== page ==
April 25, 2019 @ 11:00 by Richard Dawson
Newcastle United has joined forces with the region’s largest independent business organisation to help maximise the benefit of sport and leisure to bring investment and economic growth to the region.
The club has become a partner member of North East England Chamber of Commerce to support the development of its Stronger North East campaign and strengthen ties with the region’s business community.
Working together, the Chamber and Newcastle United will showcase the value of major sporting events and activity in the North East and make the case for more showpiece occasions to take place in our region.
A spokesperson for Newcastle United said: “The club is keen to develop partnerships working across the North East to build on the successes we have had in recent years with events such as the Rugby World Cup and the Ed Sheeran concerts.
“A recent report published by EY showed the massive social and economic impact of the club and the Newcastle United Foundation. St James’ Park is a huge asset and we look forward to working more closely with the Chamber and others to deliver even more benefits to the city and wider region.”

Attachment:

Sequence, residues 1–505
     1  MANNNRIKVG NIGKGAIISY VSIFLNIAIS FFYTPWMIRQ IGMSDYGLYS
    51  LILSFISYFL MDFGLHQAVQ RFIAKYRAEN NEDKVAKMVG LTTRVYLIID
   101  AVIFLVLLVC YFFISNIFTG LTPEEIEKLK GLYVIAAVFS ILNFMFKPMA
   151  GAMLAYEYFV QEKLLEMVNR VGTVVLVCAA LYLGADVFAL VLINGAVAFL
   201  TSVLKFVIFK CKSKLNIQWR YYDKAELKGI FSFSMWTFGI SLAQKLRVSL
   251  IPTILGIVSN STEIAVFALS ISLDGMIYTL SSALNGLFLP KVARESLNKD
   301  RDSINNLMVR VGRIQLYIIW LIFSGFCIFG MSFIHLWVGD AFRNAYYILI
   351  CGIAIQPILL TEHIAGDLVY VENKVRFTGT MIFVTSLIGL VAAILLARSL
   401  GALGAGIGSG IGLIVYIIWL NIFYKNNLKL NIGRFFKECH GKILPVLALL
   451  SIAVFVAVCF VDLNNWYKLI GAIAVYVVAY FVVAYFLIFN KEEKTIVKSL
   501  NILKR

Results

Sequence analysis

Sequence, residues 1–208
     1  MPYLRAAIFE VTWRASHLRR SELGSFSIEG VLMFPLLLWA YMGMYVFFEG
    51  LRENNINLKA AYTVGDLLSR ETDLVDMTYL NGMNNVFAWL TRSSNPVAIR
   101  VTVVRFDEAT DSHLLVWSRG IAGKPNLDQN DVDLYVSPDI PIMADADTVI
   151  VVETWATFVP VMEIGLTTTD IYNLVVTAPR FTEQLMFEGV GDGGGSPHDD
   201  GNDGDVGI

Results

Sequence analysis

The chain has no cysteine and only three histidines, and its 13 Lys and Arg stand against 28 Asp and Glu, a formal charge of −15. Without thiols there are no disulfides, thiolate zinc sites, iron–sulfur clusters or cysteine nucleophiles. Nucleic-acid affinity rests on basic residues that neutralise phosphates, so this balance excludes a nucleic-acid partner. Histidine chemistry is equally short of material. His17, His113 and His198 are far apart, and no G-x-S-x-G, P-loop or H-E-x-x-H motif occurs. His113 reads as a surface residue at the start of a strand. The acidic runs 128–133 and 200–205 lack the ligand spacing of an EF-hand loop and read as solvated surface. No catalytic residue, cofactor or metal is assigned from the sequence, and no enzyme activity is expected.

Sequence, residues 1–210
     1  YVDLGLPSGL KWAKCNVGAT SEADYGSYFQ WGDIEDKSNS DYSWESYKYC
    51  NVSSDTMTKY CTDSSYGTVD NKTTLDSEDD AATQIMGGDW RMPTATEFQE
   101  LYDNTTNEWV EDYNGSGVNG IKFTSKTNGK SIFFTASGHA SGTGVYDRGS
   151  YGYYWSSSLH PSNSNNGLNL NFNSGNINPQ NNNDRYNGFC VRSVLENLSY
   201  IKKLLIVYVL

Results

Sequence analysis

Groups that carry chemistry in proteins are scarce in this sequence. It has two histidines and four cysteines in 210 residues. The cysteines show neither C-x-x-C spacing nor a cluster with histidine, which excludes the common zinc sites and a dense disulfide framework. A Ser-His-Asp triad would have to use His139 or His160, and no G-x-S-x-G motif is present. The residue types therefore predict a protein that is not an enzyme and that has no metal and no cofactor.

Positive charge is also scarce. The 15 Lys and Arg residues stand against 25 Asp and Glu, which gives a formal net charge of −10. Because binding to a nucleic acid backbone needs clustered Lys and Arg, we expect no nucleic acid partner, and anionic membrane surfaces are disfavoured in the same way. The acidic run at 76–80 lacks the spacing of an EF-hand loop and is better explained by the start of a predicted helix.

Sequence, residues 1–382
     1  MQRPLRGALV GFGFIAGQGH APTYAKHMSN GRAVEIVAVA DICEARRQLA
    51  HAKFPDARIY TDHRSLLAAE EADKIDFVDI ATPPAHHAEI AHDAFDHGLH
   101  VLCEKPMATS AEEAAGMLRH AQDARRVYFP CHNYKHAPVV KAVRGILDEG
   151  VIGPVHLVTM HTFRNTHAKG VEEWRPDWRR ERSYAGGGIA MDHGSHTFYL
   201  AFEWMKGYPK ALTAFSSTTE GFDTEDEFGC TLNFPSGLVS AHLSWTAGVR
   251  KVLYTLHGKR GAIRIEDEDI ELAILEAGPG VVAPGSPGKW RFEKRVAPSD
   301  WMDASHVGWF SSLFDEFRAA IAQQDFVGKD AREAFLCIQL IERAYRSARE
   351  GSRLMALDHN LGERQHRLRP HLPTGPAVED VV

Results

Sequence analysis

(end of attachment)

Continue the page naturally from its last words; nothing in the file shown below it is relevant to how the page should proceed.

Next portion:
Jonathan Walker, Chamber assistant director of policy said: “We are delighted to be working closely with Newcastle United FC as a partner member to build on its research into the financial benefits of having a club of its stature in the region.
“Sport plays a huge role in our region’s life from the major football clubs, the length and breadth of the North East, to the similar global interest in events like the Great North Run. They offer us tremendous potential to bring tourism, leisure as well as business investment, to support our region’s growth.”
The EY report said that the club’s economic activity contributed a total of £236m in Gross Value Added to the regional economy, through spending in its supply chains, the induced spending of people employed directly by the club and the impact of tourism.
Over 1m fan visits were made during the 2017-18 season, 188,000 by people who live abroad or outside the wider region, and their spending was worth £21m to the local economy.